Talk:Butter lamp

From Wikipedia, the free encyclopedia
Jump to: navigation, search
WikiProject Buddhism (Rated Stub-class, Low-importance)
WikiProject icon This article falls within the scope of WikiProject Buddhism, an attempt to promote better coordination, content distribution, and cross-referencing between pages dealing with Buddhism. If you would like to participate, please visit the project page for more details on the projects.
Stub-Class article Stub  This article has been rated as Stub-Class on the project's quality scale.
 Low  This article has been rated as Low-importance on the project's importance scale.
 

Butter lamps are a conspicuous feature of Tibetan Buddhist temples and monasteries throughout the Himalayas. The lamps traditionally burn clarified yak butter, but now often use vegetable oil.

The butter lamps help to focus the mind and aid meditation. According to the Root Tantra of Chakrasamvara, "If you wish for sublime realization, offer hundreds of lights" 1.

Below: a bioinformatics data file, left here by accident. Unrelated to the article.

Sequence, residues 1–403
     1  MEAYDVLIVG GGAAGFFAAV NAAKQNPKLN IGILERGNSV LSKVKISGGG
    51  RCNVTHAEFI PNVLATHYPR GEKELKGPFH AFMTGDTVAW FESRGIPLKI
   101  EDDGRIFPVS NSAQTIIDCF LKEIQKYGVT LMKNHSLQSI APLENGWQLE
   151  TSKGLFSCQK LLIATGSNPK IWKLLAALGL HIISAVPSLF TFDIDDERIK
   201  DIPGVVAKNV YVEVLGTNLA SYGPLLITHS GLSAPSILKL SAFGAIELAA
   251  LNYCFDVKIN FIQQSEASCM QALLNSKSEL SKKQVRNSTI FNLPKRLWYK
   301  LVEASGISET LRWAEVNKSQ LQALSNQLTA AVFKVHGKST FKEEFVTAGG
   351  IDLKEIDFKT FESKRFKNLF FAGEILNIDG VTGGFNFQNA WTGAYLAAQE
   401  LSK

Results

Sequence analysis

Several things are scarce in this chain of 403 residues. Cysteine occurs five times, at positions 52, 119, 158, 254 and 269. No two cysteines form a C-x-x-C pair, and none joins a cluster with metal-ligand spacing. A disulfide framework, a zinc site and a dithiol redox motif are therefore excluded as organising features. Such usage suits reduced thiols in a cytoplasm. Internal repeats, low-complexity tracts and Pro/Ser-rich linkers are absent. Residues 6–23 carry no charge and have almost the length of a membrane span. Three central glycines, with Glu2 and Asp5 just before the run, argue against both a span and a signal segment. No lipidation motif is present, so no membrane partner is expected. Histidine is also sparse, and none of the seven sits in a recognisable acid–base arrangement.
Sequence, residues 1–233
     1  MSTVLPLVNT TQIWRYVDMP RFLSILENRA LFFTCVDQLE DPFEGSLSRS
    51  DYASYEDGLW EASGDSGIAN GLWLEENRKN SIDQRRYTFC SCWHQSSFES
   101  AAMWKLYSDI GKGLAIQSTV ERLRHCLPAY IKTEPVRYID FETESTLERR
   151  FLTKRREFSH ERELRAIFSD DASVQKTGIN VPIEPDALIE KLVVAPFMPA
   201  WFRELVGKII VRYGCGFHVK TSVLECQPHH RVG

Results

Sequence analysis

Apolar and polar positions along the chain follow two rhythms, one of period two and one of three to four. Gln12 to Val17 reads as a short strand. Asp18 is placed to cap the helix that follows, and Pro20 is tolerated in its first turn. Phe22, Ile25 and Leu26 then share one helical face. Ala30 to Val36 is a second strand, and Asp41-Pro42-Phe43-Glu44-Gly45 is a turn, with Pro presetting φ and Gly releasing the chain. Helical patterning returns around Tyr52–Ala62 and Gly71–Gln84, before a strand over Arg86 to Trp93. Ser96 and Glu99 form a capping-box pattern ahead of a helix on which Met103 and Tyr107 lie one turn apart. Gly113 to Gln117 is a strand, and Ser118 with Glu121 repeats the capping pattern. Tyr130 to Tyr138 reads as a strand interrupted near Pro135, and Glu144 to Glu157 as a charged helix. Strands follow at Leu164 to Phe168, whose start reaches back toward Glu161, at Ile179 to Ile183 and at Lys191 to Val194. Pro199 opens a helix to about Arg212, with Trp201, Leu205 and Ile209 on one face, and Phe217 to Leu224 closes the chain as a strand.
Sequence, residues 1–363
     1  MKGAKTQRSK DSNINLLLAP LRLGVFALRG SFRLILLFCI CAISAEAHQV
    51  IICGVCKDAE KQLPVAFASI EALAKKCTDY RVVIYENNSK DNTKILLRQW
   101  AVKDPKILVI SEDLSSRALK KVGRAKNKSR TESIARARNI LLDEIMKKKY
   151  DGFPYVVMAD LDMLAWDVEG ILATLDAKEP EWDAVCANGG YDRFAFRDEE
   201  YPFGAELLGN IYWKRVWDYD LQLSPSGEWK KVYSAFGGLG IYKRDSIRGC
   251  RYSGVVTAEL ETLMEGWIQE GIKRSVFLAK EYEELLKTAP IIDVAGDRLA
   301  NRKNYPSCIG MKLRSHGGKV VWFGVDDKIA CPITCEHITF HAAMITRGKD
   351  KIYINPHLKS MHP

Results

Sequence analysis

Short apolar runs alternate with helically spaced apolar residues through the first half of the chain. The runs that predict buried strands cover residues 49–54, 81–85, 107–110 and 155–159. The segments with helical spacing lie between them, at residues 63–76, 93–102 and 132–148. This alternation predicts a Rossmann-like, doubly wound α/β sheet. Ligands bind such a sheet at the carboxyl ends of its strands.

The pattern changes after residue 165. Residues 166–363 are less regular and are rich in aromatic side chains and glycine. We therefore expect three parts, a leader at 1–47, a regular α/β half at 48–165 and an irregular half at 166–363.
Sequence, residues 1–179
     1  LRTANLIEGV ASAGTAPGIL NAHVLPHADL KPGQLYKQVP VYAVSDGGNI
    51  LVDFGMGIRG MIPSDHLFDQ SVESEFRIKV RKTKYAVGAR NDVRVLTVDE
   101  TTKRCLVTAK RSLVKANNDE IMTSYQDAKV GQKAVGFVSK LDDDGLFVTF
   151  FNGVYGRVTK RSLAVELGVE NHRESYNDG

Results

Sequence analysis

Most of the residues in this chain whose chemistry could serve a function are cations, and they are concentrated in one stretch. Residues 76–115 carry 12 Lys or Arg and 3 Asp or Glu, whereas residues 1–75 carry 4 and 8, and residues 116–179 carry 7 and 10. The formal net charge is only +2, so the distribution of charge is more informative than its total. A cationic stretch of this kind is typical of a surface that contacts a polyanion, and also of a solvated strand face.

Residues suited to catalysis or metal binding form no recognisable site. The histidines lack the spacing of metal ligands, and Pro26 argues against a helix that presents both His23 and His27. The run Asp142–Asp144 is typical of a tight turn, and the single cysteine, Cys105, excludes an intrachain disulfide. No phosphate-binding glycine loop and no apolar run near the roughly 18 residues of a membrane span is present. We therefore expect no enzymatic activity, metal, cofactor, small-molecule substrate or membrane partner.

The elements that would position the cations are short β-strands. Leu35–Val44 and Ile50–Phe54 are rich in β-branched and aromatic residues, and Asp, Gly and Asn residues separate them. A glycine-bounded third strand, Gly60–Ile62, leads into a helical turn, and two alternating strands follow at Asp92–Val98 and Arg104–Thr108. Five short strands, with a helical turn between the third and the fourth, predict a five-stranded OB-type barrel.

Pilgrims also supply lamp oil to gain merit. The monks in the monastery manage the actual lamps, taking extreme care to avoid starting one of the devastating fires which have damaged many monasteries over the years. For safety, butter lamps are sometimes restricted to a separate courtyard enclosure with a stone floor.

Externally, the lights are seen to banish darkness. Conceptually, they convert prosaic substance into illumination, a transformation akin to the search for enlightenment. Esoterically, they recall the heat of the tummo yoga energy of the Six Yogas of Naropa, an important text for Kagyu, Gelug, and Sakya schools of tantric Buddhism.

There is a website providing free virtual butter lamp service. Often for making wishes and prayers for world peace, and developing inner peace, love, compassion and ultimate happiness.